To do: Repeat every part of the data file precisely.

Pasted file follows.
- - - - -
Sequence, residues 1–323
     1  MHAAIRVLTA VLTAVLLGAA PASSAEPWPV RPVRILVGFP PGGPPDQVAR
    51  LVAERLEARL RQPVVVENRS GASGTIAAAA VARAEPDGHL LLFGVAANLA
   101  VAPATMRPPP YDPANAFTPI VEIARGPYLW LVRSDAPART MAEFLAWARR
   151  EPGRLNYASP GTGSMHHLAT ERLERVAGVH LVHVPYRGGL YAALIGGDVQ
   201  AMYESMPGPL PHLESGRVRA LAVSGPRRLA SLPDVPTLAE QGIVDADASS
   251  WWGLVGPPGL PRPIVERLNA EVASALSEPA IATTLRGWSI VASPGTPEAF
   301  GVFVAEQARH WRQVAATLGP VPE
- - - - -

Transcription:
Sequence, residues 1–323
     1  MHAAIRVLTA VLTAVLLGAA PASSAEPWPV RPVRILVGFP PGGPPDQVAR
    51  LVAERLEARL RQPVVVENRS GASGTIAAAA VARAEPDGHL LLFGVAANLA
   101  VAPATMRPPP YDPANAFTPI VEIARGPYLW LVRSDAPART MAEFLAWARR
   151  EPGRLNYASP GTGSMHHLAT ERLERVAGVH LVHVPYRGGL YAALIGGDVQ
   201  AMYESMPGPL PHLESGRVRA LAVSGPRRLA SLPDVPTLAE QGIVDADASS
   251  WWGLVGPPGL PRPIVERLNA EVASALSEPA IATTLRGWSI VASPGTPEAF
   301  GVFVAEQARH WRQVAATLGP VPE